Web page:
After facing a lawsuit filed by two local taxpayer groups, Livermore Valley Joint Unified School District's May 3 special election for a parcel tax renewal will proceed as planned following Alameda County Superior Court Judge Frank Roesch's ruling last week.
"On February 28, 2022 the case put forth against the parcel tax was heard by the court," said LVJUSD spokesperson Michelle Dawson in an email. "We believed that the structure and process used to initiate the proposed ballot measure stood on solid legal ground and that claims suggesting otherwise were unfounded. The court's ruling supported that assessment and the ballot measure will now proceed as planned. It will be on the May 3 Special Election All-Mail Ballot," she added.
LVJUSD officials said that, if approved by voters, Measure A would extend, but not increase, the current annual tax rate of $138 per parcel for another seven years. The measure needs a two-thirds majority vote in order to pass successfully.
On Feb. 11, The Alameda County Taxpayers’ Association and Livermore Valley Taxpayers’ Association announced that they had filed a lawsuit in Alameda County Superior Court challenging the special election to impose a parcel tax on every Livermore Valley property for the next seven years. Alan Heckman, a Livermore resident and member of the Alameda County Taxpayers' Association, was named petitioner in the suit.
"The Livermore school district is needlessly wasting funds to conduct this special election. Our lawsuit calls for a court order to stop it," Heckman said in the statement initially announcing the lawsuit. The taxpayer groups and Heckman said the special election is unnecessary as it comes just one month before the June statewide election.
Jason Bezis, the attorney representing Heckman, told Livermore Vine after the hearing that they are considering their options for appellate review and future legal action.
"My client believes (the ruling) was not correctly decided or fairly decided. There were a lot of misrepresentations that the county registrar of voters made in this case and there's a severe concern with the fact that the formal notice of election makes it seem that there's going to be in-person voting on May 3 but there are going to be no polling places apparently in the district to vote on May 3," Bezis said, adding that the mail-only election is a disadvantage to those who prefer to vote in person.
"Everything about this election has been deliberately set up by the school district to favor the measure," Bezis added.
Since 2004, there has been a parcel tax in place to provide funding to Livermore public schools, which is worth a total of about $4 million per year. The tax was previously renewed in 2008 and 2014. The current parcel tax, Measure G, is set to expire at the end of June, which is why the district set the election for the renewal Measure A in May.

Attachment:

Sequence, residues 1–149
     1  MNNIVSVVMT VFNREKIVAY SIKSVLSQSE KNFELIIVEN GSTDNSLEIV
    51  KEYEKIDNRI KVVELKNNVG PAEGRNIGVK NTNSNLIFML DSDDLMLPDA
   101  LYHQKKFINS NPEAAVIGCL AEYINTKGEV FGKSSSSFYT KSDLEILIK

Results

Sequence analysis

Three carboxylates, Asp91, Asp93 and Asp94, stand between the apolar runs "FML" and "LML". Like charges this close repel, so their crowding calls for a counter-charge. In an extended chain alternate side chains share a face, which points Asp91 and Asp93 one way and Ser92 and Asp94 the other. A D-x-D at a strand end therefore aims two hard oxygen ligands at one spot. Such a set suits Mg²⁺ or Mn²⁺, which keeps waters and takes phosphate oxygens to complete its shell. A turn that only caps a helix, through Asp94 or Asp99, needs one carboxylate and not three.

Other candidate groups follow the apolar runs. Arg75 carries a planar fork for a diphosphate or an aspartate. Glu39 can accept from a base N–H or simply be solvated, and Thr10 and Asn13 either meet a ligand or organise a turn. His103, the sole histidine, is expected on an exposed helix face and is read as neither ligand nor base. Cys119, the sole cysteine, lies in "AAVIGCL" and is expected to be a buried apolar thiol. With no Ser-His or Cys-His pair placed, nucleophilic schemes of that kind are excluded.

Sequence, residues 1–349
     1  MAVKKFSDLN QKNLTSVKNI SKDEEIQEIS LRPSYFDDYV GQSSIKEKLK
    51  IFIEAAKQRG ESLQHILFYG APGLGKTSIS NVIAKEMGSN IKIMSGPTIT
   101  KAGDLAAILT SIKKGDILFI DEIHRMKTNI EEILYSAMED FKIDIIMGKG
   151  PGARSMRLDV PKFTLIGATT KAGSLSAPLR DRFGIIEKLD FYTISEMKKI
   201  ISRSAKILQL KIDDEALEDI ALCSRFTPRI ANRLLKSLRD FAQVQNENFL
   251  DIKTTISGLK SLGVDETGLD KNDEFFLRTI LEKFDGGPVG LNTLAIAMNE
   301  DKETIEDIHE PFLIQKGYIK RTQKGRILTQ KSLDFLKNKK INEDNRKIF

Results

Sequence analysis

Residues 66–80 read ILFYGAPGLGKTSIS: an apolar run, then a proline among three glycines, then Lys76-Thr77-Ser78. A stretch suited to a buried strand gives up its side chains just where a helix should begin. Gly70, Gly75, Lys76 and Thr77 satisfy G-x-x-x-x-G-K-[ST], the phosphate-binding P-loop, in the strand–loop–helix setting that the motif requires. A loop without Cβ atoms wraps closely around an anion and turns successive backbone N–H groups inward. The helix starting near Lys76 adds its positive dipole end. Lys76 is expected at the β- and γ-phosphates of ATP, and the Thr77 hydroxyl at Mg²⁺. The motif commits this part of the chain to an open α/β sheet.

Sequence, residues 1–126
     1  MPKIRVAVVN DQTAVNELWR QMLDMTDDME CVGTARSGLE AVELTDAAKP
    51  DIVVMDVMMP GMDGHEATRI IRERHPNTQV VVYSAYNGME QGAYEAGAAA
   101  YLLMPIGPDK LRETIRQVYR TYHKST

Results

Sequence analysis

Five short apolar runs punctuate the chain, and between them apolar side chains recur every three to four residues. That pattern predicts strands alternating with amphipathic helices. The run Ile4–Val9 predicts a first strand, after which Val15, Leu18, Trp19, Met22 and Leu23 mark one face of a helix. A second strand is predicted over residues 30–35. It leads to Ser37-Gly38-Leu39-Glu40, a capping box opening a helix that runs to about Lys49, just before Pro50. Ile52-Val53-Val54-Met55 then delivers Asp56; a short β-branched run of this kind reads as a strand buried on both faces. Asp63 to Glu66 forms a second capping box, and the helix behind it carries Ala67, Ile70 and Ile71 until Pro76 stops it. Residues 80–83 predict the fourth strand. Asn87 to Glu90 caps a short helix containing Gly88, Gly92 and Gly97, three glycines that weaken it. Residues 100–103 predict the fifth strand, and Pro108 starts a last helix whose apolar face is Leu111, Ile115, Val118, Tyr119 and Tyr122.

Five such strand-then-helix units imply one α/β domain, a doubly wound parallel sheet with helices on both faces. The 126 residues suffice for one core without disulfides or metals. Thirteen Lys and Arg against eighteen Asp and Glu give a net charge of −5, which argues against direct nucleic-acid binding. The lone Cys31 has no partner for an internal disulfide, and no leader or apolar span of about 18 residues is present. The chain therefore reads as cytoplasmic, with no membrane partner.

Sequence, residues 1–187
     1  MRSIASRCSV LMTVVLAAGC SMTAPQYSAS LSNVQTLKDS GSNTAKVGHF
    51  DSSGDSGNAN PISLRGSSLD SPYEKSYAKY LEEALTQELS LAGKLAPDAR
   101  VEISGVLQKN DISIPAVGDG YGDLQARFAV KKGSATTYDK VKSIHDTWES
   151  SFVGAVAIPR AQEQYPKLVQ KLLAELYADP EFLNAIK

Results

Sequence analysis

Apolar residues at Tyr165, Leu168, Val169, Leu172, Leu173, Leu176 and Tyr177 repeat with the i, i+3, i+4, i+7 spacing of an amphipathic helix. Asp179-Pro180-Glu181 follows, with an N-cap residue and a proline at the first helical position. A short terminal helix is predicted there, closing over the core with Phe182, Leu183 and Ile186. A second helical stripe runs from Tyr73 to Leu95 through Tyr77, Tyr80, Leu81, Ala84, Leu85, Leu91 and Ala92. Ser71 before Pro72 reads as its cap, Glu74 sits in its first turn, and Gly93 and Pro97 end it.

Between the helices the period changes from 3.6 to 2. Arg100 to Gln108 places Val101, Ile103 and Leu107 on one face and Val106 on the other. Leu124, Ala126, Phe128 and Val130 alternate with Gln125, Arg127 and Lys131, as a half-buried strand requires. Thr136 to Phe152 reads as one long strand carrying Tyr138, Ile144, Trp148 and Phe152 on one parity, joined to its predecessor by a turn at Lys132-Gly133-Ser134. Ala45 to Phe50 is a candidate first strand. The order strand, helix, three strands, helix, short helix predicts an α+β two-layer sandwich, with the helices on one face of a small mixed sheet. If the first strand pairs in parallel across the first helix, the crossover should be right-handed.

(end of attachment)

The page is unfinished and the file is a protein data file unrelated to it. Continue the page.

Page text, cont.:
According to LVJUSD, the parcel tax funding is used for providing elementary science and TK-12 technology specialists, attracting and retaining qualified teachers, keeping classroom technology and curriculum up-to-date and maintaining small class sizes.
In addition to concerns over the election's timing, the lawsuit also argued that there was misleading language within the parcel tax ballot question.
"For example, the ballot question promises 'independent citizen oversight,' yet Measure A does not actually require that any committee would be 'independent' of school administrators, would include 'citizens,' or would be empowered to engage in meaningful 'oversight.' The measure also does not guarantee that the parcel tax would not be used for administrator salaries," the taxpayer groups said in their statement.
The lawsuit argued that the district deliberately used certain language in the ballot question that would be more likely to sway voters to vote in favor of the measure, citing the results of a 2019 Parcel Tax Feasibility Survey conducted by LVJUSD.
In addition to issues with the ballot question itself, Bezis and Heckman are calling attention to what they say is misleading language on the webpages and fliers that provide information about Measure A.
Over the weekend, Bezis sent an email to the district on behalf of Heckman demanding that LVJUSD "cease and desist from its claim 'By law, no funds from Measure A could be used for administrators’ salaries,'" which is verbiage used in an informational flier about Measure A.
"My client is unaware of any provision in the State Constitution or in the California Education Code, for example, that forbids or restricts school district parcel tax revenues from being expended on 'administrator salaries,'" Bezis said in his email to the district.
He continued, "My client notes that the 2004 (Measure D) and 2008 (Measure M) versions of the LVJUSD parcel tax expressly excluded expenditure of funds on 'administrator salaries.' After the 'no administrator salaries' provision was absent in 2014 Measure G, LVJUSD administrator salaries exploded upwards in 2015. That 'no administrator salaries' provision also is missing from 2022 Measure A. The 2004 Measure D and 2008 Measure M parcel taxes expired long ago and were not permanent 'law.'"
Bezis, on behalf of Heckman, has requested that LVJUSD either justify how the statement related to administrator salaries in its informational flier is accurate or remove the language from its Measure A materials altogether.
Outside of the lawsuit, the special election has not been widely publicized by LVJUSD. Dawson told Livermore Vine that, "while our district can continue to provide information about the parcel tax such as how funds have been allocated, the promotion and advocacy of Measure A lies with an independent campaign committee."
More information about the parcel tax and what its used for can be found here.